If you asked me to design my ideal off-roader prior to MotorTrend‘s 2022 rivian r1t Trans-America Trail overlanding expedition, I would have called for a powerful, torquey V-8, real four-wheel drive with a two-speed transfer case, locking differentials, and a trick adaptive suspension. You know, something like the 2021 Ram 1500 TRX we took along as our support rig for our Trans-America Trail journey. But after off-roading our long-term-test Ram back-to-back with the new rivian r1t electric pickup truck, I doubt I will be able to find the same enjoyment that I once did in off-roading a traditional gasoline-powered vehicle. Surprised as I am to write this, electric motors are just plain better off-road hardware than the internal combustion engine (ICE).
It may seem like comparing apples and Big Macs, but the 2022 rivian r1t and Ram TRX are well-matched for comparison. As of this writing—and likely because we’ve yet to strap our test gear to an R1T—the Ram 1500 TRX is the quickest pickup we’ve ever tested. Its 6.2-liter supercharged V-8 is the most powerful gasoline engine available in a production pickup truck, producing 702 hp and 650 lb-ft of torque. It’s paired with an eight-speed automatic and a robust four-wheel-drive setup.
The rivian r1t, on the other hand, is powered by four electric motors—one inboard motor for each wheel—that combine to produce 835 hp and 908 lb-ft of torque. With electric motors making peak torque at 0 rpm (versus at 4,800 rpm for the Ram’s technically-not-a-Hellcat V-8), each motor drives each wheel directly through what’s effectively a one-speed automatic. This negates the need for a typical four-wheel-drive system.
Indeed, the R1T’s motors don’t need the step-down gearing a typical four-wheel-drive system provides. The effect that a two-speed transfer case delivers is an inherent advantage of an electric motor. Or, to think about it another way, the transmissions and transfer cases so many of us have grown up with exist solely to make up for the baked-in disadvantages of an internal combustion engine. One of those disadvantages is the fact they generally need to spin at higher rpms (and thus do more work) to make the peak horsepower and torque necessary for performance driving, whether it be on-road or off.
In a traditional off-road vehicle powered by an ICE like our Ram TRX, this means the driver often does more work than just driving and steering. For example, on one of the more technical sections of the Trans-America Trail, as I piloted the Ram, I found myself flicking switches and changing settings, searching constantly for the right combination and thus an overall feeling I was comfortable with. First, it was drive modes (which, to be fair, happens in the R1T and many other off-roaders), then transmission gears as I sought to keep the engine in its sweet spot. Next, it was differential locks, and then eventually four-low. Though fun in its own right to surf through settings left and right like a Formula 1 driver, it’s a lot to manage in a high-risk scenario.
The 2022 rivian r1t—and I suspect most electric off-roaders in the pipeline from competing manufacturers—are comparatively much easier to get a handle on. Sure, there are a variety of off-road settings and suspension heights baked into the rivian r1t, but its standard road-focused “All-Purpose” mode is generally just that. It allows you to jump seamlessly from dirt to gravel, from mud to sand, and even into water crossings without having to worry as much about power delivery or traction. Changing into the Off-Road modes in the R1T damps accelerator response, adjusts the suspension, and loosens the reins on stability control to varying degrees, making the electric truck even more capable.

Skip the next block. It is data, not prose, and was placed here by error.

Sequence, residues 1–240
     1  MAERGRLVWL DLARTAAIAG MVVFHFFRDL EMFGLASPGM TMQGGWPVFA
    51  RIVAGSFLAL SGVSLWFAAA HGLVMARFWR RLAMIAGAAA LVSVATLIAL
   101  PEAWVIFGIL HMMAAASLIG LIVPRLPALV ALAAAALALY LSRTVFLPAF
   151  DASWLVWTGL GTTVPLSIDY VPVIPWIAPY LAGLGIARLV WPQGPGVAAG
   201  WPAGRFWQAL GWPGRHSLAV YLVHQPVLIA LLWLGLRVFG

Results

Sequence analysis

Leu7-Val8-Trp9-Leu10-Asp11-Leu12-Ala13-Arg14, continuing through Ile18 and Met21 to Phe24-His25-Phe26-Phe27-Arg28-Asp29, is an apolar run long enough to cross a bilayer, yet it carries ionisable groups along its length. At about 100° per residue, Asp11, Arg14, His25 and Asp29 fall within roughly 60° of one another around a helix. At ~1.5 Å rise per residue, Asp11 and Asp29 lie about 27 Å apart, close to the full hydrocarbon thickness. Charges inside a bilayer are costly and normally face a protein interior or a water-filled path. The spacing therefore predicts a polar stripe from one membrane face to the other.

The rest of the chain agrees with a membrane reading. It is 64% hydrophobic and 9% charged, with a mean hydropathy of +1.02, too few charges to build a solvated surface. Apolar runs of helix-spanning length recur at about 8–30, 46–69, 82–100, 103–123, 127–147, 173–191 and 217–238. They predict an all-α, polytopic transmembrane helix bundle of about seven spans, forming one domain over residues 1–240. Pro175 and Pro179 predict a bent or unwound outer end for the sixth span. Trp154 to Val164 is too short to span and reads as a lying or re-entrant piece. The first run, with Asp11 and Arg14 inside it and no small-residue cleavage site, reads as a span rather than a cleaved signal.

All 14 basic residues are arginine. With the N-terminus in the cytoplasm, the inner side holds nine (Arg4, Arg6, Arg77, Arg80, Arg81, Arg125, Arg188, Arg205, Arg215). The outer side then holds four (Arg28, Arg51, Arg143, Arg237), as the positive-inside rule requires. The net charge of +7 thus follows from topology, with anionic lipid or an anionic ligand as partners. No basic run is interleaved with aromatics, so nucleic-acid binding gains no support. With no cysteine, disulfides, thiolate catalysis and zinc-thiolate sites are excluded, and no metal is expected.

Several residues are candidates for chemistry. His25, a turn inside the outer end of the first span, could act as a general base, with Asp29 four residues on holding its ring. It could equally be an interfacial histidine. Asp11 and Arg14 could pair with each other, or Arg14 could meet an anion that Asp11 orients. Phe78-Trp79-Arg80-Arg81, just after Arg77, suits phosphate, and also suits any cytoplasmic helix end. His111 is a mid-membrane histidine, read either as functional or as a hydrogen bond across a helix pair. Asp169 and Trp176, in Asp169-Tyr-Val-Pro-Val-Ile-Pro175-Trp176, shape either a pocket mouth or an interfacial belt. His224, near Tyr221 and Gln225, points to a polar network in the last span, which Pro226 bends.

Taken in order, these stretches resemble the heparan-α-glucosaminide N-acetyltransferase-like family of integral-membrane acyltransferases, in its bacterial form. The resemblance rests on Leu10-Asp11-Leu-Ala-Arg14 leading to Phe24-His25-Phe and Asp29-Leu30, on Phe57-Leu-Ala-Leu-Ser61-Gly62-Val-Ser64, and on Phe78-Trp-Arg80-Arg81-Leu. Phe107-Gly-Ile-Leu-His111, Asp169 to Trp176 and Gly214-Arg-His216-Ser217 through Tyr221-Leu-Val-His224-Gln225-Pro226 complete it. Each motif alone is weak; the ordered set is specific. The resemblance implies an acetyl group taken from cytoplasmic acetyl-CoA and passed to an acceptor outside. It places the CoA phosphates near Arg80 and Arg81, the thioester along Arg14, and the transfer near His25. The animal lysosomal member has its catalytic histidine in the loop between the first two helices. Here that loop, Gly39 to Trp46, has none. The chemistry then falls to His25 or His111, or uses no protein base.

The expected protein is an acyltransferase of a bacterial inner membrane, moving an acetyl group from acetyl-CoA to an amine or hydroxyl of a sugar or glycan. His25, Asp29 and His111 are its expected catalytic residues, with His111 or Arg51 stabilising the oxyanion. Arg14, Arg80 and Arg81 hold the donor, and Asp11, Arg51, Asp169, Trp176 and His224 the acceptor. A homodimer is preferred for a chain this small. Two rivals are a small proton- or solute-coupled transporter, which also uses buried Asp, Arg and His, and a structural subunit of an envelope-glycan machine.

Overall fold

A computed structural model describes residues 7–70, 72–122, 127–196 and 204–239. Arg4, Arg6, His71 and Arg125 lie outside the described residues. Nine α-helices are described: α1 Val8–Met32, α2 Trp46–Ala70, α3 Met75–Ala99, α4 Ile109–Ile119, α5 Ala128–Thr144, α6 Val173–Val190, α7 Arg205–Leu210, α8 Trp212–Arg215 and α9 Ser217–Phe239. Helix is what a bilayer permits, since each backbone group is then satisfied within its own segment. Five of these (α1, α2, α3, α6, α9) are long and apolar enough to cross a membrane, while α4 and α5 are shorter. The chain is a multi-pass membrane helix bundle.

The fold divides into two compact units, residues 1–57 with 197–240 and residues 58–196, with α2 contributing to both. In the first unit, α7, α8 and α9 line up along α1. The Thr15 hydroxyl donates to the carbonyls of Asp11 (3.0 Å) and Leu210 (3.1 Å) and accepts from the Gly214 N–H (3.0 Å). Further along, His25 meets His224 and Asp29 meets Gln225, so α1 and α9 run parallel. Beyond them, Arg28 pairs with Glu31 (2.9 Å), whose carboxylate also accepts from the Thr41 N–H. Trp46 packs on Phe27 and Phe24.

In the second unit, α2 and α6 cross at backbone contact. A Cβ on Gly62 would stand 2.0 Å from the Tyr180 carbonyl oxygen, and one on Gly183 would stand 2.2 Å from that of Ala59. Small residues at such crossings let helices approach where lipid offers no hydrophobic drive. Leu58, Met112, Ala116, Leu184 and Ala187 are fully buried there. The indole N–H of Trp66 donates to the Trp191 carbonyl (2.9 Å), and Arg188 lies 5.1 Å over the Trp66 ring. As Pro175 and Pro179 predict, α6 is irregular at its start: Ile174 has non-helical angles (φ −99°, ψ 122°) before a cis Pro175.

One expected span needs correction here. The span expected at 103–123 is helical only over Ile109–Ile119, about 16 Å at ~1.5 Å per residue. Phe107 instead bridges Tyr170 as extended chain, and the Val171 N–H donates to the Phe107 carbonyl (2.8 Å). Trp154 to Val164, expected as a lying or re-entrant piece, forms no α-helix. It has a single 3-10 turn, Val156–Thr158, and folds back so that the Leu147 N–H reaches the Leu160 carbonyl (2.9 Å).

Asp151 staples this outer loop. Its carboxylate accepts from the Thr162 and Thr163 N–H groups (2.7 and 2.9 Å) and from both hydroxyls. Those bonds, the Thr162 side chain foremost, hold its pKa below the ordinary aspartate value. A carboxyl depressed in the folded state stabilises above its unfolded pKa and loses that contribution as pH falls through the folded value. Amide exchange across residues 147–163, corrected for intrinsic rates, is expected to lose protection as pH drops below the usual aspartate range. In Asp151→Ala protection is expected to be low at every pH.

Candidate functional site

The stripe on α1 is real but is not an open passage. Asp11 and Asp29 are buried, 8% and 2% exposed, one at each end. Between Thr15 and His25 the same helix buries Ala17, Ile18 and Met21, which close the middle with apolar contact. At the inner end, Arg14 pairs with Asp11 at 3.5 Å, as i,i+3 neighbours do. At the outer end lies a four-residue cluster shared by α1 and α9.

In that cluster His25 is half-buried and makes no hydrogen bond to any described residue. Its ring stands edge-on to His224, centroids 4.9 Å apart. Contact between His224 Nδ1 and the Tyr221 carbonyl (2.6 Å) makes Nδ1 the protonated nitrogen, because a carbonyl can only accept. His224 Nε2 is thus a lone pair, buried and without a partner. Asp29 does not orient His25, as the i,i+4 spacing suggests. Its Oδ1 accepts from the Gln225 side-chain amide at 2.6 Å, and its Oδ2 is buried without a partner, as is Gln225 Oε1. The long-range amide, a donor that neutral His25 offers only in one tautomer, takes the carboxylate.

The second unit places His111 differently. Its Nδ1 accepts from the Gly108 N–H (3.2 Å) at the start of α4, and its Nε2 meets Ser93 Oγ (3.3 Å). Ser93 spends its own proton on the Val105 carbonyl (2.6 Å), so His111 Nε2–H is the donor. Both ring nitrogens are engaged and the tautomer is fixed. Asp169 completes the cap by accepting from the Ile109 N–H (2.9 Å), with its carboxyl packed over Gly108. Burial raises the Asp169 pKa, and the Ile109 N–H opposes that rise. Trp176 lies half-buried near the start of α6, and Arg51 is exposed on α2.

More than anything, power delivery is the big differentiator between electric off-roaders and internal combustion ones. EVs, like the rivian r1t, deliver power and torque in one smooth gob, like a soft-serve ice-cream machine, whereas engines like the Ram’s are more akin to stomping on a ketchup packet: You get all the power, whether you want it or not.
EVs also move forward differently, too. With the Rivian you’re always riding the accelerator lightly to get up and over things. Rarely, if ever, do you touch the brake pedal, thanks to high levels of energy regeneration. (Rivian offers four regen levels; we generally liked the default “High” setting and “Max” the most).
With off-roaders like the Ram, though, it’s the opposite. Like all ICE vehicles, it creeps forward without any driver input, meaning you effectively ride the brake the entire time. You only add throttle when the engine’s idle power isn’t enough to motor up or over an obstacle. This in practice makes it far easier to place an EV smoothly and precisely on the proper driving line than it is to do with an ICE vehicle.
Now a few weeks removed from the 2022 rivian r1t and the Trans-America Trail, I’ve spent some quality time in off-roaders like the 2021 Land Rover Defender 110 (a mild-hybrid), 2021 Jeep Wrangler Rubicon 4xe (a plug-in hybrid), and 2021 Ford Bronco (good ol’ gas). I still enjoy them all for different reasons, but the fact is they’d all likely be even more capable off the beaten path if they weren’t held back by old-school powertrains.